The dark, dank walls of Figueres Prison held a strange assortment of inmates: thieves, murders, political prisoners on the wrong side of Generalissimo Franco’s politics–and Virginia was certain British Intelligence would come to her rescue. But days turned into weeks and Virginia had extra reason to be alarmed by the delay in her release: she was carrying very secret, time-sensitive intelligence on the French Vichy Government’s likely response to Germany’s recent aggression in taking over the whole of France.
- Would the Vichy government, now without any territory at all, capitulate fully or join the Allies and fight to rid their country of the Nazi menace? Virginia knew the answer, critically important to the Allies’ war effort, and drafted a coded message urgently needed by London.
But how could Virginia get this top-secret intelligence information out of Figueres Prison? Virginia’s cell-mate, a Spanish prostitute jailed for turning tricks without making the payoff to authorities, was about to be released and Virginia had a coded message smuggled out.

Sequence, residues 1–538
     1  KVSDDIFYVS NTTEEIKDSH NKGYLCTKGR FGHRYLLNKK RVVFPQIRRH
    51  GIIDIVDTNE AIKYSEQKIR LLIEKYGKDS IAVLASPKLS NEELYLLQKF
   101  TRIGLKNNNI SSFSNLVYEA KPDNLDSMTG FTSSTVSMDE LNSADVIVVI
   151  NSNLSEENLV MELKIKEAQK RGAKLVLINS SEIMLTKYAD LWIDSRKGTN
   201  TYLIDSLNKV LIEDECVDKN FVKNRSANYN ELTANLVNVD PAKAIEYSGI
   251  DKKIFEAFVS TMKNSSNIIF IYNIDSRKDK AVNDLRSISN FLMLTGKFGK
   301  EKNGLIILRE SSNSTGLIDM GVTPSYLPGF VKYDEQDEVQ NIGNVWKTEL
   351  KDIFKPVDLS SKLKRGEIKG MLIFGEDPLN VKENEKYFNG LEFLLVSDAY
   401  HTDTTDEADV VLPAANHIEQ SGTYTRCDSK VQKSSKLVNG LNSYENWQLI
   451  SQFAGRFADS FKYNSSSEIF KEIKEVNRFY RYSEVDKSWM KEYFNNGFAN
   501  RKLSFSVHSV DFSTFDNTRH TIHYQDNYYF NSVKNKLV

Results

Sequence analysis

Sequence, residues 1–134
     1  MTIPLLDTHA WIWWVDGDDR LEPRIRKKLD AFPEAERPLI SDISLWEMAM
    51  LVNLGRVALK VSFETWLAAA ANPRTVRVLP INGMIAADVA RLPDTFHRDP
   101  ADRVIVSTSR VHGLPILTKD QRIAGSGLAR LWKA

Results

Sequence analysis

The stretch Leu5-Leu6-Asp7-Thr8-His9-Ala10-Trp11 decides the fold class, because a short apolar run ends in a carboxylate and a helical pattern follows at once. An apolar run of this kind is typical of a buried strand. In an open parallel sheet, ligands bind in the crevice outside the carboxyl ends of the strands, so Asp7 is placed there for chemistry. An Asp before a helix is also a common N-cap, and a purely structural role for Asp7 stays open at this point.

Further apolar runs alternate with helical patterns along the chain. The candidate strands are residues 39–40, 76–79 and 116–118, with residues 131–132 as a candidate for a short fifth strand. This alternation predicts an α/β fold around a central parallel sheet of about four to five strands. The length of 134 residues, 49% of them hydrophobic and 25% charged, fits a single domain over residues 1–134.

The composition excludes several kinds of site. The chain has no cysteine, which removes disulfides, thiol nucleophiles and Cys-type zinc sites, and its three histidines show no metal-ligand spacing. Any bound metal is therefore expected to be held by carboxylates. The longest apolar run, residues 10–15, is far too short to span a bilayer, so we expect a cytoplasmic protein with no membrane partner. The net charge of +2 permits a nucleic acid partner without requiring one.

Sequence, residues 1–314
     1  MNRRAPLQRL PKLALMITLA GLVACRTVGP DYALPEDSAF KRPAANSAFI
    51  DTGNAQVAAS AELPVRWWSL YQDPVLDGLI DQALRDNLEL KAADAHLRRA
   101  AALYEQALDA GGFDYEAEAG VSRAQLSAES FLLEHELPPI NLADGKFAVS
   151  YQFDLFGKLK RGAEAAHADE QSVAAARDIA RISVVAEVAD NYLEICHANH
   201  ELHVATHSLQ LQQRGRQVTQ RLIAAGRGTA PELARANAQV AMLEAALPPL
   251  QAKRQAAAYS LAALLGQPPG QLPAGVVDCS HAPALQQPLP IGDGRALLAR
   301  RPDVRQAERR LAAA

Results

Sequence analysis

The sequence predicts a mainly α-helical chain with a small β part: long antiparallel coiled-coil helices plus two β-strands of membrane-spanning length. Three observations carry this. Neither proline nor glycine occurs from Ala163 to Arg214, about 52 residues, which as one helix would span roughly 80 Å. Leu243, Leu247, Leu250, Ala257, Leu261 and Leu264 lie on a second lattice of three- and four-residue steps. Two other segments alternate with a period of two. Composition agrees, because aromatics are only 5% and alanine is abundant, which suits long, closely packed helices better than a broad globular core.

After more than a month in jail, the American consulate showed up and had Virginia released from Figueres. But that’s not the end of the story. Despite the dangers–Gestapo Chief Klaus Barbie still was hunting her–Virginia desperately wanted to continue her mission and return to France.
See the original coded message unearthed from the British archives in my first blog post, “Help Me Crack the Code”–and the Washington Post article on the first page of this website that tells of my archival discovery.
To see photos and learn more about Virginia’s life of espionage, click here: Virginia Hall blog.
Craig Gralley’s book, “Hall of Mirrors— Virginia Hall: America’s Greatest Spy of WW II,” has been called:
“Riveting . . . A tremendous read!”—Gen. David Petraeus (USA, ret.)
“An extraordinary accomplishment . . . A stunner!”—Peter Earnest, Founding Exec. Director, International Spy Museum
“Enthralling!”—Sarah Megan Thomas, Actress/Producer, “Liberte: A Call to Spy.”